Book Review: Cursed

CURSED AW.indd

Cursed, by Thomas Enger (translated by Kari Dickson), is the fourth book in the author’s Henning Juul series of crime thrillers. In this instalment the protagonist is still reeling from the death of his six year old son following an arson attack on his flat. Henning is on leave from his job as a journalist and is using the time to do what he can to track down the perpetrators. There is a lot of backstory here which I assume is covered in more detail in the earlier books.

Henning’s ex-partner, Nora Klemetsen, is approached by the husband of an old college friend who has gone missing. Helga Hellberg failed to return from a three week retreat in Italy which her husband subsequently discovered she didn’t attend. Nora, another journalist, agrees to investigate and is drawn into a web of intrigue surrounding the wealthy Hellberg family which goes back decades.

Nora has personal issues to contend with. Her new partner, Iver Gundersen, who is a colleague of Henning’s, has not responded well to recent revelations. Nora and Henning still have feelings for each other, not least an understanding of their shared grief. When Nora approaches Henning and then Iver for support she finds they both remain distant, struggling with what she has shared. As a result she opts to approach the Hellbergs alone.

Henning’s state of mind leads him to take serious risks in his quest for information. He discovers that his life is still threatened although he is unsure why. The widow of Tore Pulli, a supposed criminal who died in prison just as Henning proved he was not guilty of the crimes for which he was incarcerated, may be able to offer some clues. Tore may also have had links to the Hellbergs although the murky details are unlikely to be willingly shared by any of his acquaintances.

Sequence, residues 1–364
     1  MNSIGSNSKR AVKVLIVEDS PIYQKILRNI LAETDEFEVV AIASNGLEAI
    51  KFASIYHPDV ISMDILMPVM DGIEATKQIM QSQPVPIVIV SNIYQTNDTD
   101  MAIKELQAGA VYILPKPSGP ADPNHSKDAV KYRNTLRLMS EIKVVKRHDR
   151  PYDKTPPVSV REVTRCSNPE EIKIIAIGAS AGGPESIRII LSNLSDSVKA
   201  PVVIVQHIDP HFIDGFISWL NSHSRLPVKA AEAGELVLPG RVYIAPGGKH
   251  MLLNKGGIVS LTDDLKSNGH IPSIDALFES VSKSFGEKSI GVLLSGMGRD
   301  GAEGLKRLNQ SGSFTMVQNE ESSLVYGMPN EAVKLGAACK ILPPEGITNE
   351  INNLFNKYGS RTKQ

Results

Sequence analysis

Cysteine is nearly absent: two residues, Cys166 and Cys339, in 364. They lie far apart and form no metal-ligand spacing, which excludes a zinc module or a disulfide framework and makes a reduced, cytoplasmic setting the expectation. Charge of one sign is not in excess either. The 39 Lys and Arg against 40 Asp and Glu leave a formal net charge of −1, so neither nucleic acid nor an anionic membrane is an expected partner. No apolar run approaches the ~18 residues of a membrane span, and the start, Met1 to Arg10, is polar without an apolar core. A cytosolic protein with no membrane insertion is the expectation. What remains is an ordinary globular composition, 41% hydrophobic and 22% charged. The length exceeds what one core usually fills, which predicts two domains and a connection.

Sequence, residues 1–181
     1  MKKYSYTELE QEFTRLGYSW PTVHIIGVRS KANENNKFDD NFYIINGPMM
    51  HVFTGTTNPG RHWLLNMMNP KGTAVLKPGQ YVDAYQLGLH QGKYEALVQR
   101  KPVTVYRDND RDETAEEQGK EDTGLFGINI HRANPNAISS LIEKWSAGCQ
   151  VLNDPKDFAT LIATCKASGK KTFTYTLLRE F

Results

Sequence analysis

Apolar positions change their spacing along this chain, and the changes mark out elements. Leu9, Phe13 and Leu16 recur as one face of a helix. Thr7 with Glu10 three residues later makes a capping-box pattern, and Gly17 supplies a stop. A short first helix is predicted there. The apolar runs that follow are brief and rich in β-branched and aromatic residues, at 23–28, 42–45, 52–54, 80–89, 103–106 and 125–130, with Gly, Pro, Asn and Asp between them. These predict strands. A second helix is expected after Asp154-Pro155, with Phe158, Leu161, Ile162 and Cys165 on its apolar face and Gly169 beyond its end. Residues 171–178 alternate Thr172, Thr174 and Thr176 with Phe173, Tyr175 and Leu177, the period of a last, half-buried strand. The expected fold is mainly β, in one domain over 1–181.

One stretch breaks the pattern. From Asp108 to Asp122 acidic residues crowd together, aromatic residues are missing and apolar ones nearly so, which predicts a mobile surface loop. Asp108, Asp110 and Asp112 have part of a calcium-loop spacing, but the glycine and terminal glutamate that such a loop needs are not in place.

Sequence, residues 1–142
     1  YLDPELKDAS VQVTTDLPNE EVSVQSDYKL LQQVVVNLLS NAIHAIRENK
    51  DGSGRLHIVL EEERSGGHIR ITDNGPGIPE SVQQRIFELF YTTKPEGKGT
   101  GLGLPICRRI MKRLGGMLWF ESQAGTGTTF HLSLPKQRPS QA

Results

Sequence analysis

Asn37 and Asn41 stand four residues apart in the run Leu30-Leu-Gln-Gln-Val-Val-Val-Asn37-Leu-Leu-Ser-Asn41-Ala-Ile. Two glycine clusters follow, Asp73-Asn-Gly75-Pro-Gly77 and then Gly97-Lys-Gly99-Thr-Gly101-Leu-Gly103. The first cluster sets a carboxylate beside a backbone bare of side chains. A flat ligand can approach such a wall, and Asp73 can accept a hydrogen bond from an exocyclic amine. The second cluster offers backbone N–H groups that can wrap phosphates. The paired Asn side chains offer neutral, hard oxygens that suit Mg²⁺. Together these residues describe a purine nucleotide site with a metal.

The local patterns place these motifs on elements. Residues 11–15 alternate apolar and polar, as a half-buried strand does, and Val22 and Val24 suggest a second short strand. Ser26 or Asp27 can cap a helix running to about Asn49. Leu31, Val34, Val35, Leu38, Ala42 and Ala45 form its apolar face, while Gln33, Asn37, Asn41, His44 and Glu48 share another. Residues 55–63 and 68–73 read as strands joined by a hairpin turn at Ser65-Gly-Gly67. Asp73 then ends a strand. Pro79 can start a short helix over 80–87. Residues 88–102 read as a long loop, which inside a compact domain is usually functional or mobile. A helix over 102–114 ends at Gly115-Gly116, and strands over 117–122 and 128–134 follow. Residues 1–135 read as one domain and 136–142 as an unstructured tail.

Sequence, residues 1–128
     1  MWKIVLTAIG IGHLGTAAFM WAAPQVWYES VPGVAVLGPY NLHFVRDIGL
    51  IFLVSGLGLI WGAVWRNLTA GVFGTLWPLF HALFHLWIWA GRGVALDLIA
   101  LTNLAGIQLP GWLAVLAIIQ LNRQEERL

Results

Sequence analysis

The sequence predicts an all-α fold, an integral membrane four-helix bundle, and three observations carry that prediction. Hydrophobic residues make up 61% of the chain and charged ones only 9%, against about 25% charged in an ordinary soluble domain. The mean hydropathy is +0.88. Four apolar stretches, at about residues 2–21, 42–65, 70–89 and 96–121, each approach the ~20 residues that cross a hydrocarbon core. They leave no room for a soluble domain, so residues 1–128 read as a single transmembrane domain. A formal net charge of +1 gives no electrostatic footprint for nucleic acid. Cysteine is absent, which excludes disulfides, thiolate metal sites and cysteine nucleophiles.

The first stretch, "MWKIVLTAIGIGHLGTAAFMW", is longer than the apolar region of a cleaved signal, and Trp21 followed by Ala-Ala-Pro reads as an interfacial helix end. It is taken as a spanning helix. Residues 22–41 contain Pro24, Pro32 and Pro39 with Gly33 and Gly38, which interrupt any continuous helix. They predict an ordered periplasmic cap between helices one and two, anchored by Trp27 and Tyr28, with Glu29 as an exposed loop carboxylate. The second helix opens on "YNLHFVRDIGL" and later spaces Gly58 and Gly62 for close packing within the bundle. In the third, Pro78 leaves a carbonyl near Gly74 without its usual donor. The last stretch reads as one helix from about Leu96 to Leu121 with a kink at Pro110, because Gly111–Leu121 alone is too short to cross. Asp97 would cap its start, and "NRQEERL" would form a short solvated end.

The action alternates between the investigations being carried out by Nora and Henning. When they eventually share findings, and potential overlaps are recognised, progress is made. This puts them both in danger leading to a dramatic denouement.

Unusually for such a taut thriller there are many detailed descriptions of people and street scenes which do not always appear relevent to the plot but do help place the reader in the various settings. Typically of Nordic Noir the characters’ personal lives are as changeable and dark as the weather. Partnerships are distant and children, even when loved, grow up feeling resentful.